Sunday, 20 September 2015

The Rest of Us Just Live Here Review

Author: Patrick Ness
Publisher: Walker Books

I'm really excited about this! It's one of those rare books that I miss now I'm not reading it. The idea of writing about everybody who isn't 'chosen' is super original, and the book had a strong voice throughout.

I think you could open a Patrick Ness book at any page and know that he wrote it. His style is so honest and convincingly teenage that it really sets his books apart. 

The characters are also enviably brilliant and unique. They feel like real people: flawed, lovely, annoying and likeable. Even the minor characters feel well-developed, like each of them has a story worth telling.

Another interesting feature was that each chapter started with a brief description of what the chosen ones (or 'indie kids') were getting up to, then the chapter was about how the main characters perceived those events. Admittedly it took me a while to work out that this was going on, but I appreciated it when I did.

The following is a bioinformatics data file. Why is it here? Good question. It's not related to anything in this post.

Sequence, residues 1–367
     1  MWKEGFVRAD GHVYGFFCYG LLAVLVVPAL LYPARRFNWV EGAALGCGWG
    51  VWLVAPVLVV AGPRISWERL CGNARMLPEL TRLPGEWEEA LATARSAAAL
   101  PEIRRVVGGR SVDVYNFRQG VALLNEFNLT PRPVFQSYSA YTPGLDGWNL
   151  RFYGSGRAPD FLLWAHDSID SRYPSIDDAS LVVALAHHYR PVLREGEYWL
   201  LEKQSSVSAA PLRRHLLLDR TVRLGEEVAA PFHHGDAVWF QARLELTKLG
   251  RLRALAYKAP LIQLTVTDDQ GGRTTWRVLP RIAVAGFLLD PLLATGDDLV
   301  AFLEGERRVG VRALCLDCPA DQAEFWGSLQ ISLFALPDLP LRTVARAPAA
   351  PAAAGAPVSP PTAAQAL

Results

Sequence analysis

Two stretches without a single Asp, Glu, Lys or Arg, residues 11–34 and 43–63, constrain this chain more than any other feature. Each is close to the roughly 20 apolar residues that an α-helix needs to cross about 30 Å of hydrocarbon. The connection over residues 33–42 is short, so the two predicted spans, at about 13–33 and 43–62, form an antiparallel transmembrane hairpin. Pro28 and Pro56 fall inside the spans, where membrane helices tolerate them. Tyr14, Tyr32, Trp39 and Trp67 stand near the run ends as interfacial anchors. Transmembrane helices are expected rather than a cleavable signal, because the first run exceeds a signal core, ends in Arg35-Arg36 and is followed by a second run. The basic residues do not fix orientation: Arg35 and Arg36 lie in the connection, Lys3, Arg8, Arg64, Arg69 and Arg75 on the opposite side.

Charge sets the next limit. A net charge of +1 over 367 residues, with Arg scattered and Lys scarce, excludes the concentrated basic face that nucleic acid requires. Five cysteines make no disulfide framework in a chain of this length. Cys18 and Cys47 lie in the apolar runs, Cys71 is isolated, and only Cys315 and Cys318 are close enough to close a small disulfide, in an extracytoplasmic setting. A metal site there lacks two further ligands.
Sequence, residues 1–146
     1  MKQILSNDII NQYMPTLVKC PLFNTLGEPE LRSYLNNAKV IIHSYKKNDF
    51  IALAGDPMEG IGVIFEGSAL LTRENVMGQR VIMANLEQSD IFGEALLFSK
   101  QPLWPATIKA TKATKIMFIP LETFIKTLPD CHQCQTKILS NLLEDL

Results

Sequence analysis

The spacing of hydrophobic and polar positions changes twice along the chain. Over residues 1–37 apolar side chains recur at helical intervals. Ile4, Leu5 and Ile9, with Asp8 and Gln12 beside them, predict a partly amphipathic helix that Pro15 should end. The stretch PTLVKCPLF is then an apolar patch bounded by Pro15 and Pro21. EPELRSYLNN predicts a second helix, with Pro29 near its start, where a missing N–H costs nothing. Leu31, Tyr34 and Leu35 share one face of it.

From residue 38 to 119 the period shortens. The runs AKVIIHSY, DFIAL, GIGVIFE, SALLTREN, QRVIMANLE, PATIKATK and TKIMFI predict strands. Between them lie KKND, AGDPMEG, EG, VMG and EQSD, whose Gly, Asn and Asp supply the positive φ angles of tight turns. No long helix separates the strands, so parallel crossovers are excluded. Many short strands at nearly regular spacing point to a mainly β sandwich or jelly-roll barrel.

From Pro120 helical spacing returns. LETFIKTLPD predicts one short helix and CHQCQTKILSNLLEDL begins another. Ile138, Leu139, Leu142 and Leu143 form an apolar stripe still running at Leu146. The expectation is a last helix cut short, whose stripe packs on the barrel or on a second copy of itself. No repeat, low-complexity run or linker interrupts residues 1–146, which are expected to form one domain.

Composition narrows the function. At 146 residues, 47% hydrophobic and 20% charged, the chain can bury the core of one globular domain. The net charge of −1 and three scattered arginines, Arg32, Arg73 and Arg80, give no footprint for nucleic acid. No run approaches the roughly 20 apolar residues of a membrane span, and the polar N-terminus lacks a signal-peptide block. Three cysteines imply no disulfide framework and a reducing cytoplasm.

I also admired the treatment of mental health. Several characters face challenges in this regard, and a perfect balance was struck between treating these issues respectfully but being realistic at the same time.

My only issue with this book (and it is a minor one) is tangled up with what I liked about it. I loved how the characters weren't the obvious heroes that have to battle the big evil. The problem was that sometimes the indie kid introduction to a chapter stirred up my interest, and I wanted to read more about them.

This is a moving, unique book that I'd recommend to absolutely everyone!

The edition I read was beautiful, with yellow edged pages, the author's signature and a limited print (see the picture above). You can buy it at Waterstones.

If you liked the sound of this, now try:

-Watching Buffy and Freaks and Geeks
-Because you'll never meet me by Leah Thomas (a YA that I've previously reviewed).
-Before I fall by Lauren Oliver

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